How to Test for Real Coral

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With its bold hues and oceanic origins, coral is a vibrant and valuable addition to a jewellery or sculpture collection. It's often used in intricate jewellery designs and ornate works of art because the soft mineral composition makes it suitable for carving. However, real coral is extremely rare and over-harvesting has endangered many forms of coral, including black coral. Strict regulations have also limited the amount of coral available to consumers. Coral's beauty and rarity has lead to a flurry of imitations, and telling the real from the fake requires knowledge and skill.

Run your fingers around coral beads and carvings, checking for sharp ridges or bumps. Real coral should be completely smooth and polished, with no seam marks.

A ridge running around the circumference of a coral bead is an indication that the bead was created in a mould and is most likely plastic.

Glass coral beads may have a small, sharp point near the hole, where glass beads were either snipped from a rod of molten glass or from where the dot of glass was formed.

Do a small scratch test to determine the hardness of your coral. Coral is a fairly soft mineral, rating a three to four on the Mohs Scale of Hardness. Glass, which is commonly used to imitate coral, is harder than the real thing with a rating between five and six. Gently rub a corner of your coral on a small piece of plate glass (not the other way around, or you will damage the coral). If the glass is scratched, then your coral is likely made of glass. If there is no impact, you are likely dealing with real coral.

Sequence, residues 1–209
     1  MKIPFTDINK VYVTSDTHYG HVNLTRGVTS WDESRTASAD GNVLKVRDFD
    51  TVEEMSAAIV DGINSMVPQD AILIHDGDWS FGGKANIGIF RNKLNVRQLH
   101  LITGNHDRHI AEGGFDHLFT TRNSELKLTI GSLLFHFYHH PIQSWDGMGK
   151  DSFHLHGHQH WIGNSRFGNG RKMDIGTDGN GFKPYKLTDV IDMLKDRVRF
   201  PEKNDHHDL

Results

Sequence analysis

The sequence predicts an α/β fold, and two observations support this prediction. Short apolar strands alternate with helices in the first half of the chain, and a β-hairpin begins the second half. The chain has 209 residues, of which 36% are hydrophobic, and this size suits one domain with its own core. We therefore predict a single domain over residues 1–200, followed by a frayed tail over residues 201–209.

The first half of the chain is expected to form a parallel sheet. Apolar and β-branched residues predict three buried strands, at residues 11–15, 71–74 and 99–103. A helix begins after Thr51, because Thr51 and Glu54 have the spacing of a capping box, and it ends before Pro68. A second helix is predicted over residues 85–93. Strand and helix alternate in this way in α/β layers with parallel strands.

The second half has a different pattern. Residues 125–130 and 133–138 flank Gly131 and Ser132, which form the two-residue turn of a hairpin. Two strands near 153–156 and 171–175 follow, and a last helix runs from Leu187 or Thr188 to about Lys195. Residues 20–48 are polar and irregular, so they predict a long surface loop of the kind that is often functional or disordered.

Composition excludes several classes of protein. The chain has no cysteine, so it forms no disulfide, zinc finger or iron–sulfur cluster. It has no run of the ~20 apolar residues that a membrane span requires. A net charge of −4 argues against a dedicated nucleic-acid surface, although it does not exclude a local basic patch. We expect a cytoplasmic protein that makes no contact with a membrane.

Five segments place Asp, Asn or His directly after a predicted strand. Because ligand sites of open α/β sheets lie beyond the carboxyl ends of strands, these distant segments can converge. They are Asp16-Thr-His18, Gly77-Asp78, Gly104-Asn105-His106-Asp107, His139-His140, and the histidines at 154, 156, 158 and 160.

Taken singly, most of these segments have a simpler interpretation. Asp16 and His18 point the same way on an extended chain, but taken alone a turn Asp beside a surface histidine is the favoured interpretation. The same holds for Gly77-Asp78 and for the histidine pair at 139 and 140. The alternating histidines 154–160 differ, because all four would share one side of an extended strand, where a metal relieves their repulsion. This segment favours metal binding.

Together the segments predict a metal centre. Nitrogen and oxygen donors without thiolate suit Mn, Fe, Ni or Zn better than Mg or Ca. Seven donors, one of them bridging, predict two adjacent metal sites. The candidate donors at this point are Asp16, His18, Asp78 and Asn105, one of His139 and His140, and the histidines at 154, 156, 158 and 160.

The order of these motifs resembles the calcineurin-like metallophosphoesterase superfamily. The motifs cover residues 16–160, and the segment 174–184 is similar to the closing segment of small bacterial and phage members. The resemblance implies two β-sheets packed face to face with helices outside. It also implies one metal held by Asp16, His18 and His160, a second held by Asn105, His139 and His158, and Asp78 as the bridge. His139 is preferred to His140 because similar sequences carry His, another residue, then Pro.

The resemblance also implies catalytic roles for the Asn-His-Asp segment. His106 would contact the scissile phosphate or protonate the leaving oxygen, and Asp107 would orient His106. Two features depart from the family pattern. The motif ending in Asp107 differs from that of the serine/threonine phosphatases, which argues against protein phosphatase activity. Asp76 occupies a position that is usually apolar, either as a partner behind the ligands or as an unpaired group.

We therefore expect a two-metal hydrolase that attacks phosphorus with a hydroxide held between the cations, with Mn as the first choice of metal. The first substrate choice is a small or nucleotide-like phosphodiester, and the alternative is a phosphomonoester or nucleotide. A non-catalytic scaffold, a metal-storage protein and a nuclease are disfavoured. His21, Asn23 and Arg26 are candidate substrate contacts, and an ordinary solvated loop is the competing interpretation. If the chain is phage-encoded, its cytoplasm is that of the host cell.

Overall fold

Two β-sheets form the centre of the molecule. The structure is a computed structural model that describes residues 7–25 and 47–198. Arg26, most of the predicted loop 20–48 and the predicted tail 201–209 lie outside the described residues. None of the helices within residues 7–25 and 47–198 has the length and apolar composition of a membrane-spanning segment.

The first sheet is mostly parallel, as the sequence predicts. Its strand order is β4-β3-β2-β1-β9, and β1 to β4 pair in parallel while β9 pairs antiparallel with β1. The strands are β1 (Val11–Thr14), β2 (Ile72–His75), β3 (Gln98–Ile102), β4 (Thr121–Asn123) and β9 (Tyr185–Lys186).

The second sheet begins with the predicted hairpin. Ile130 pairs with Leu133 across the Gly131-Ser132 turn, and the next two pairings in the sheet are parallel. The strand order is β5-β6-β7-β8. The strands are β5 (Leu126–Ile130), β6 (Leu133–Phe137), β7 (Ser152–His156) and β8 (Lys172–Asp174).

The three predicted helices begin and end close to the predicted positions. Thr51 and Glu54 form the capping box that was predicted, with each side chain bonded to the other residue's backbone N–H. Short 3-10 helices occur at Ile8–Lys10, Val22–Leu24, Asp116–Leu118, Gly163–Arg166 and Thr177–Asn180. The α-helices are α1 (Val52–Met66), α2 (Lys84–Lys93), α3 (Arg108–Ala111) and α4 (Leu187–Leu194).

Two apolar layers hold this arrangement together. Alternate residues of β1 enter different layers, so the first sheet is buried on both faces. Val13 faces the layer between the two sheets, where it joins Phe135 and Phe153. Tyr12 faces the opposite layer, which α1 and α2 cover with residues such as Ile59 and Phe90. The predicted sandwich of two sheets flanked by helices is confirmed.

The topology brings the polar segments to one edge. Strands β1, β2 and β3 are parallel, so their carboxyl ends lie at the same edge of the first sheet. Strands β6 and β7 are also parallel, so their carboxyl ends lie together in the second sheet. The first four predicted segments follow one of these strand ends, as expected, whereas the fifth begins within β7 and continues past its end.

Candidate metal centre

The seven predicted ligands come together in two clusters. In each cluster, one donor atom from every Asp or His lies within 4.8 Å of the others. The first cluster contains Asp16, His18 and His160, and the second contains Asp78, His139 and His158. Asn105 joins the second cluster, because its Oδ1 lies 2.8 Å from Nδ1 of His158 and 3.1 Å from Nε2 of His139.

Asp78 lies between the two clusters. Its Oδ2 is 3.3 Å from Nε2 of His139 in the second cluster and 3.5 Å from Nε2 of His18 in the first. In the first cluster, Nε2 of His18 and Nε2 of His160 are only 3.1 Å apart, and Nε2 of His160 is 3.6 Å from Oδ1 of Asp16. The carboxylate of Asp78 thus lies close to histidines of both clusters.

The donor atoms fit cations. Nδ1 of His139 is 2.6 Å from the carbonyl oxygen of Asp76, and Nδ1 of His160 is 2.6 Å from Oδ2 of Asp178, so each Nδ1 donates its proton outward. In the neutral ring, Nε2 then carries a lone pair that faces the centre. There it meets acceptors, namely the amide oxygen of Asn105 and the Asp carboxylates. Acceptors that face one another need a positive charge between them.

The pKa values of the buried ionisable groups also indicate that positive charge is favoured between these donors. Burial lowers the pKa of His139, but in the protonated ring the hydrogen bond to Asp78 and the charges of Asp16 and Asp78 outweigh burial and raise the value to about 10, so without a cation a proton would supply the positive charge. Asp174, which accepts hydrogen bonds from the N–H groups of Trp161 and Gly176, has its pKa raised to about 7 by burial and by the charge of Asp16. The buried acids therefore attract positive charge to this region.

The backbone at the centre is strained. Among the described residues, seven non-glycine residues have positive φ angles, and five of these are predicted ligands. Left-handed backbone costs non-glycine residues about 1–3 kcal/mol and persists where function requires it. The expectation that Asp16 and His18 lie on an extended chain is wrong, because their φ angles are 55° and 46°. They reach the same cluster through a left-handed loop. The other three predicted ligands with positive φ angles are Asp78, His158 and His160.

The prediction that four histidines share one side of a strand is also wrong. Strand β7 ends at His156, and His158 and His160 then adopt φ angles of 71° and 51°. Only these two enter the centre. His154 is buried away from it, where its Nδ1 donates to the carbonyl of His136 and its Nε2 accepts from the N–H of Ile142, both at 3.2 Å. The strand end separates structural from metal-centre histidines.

Compare the weight of your piece of coral and a piece of fake coral, if you have one, of a similar size. Real coral is significantly heavier than imitations. There should be a feeling of density and weight when real coral is held in your hand that plastic and glass cannot replicate. If your coral feels light or is not heavier than the fake coral, then your coral is an imitation.

Inspect your coral under a very bright light, using a device such as a professional jeweller's loupe that will give you 10x magnification. Coral will have a series of fine, interconnected lines running through it, forming a cross-grain similar to that of ivory. If these lines are present, your coral is most likely authentic.

Consider the context of your coral piece. Real coral is typically mounted in expensive settings like gold and silver. This expense is rarely wasted on a glass or plastic imitation. The strict laws that govern coral harvesting also makes real coral rare, so be prepared to pay handsomely, even for vintage pieces. If your coral cost £12.90, for example, it is most likely a fake.

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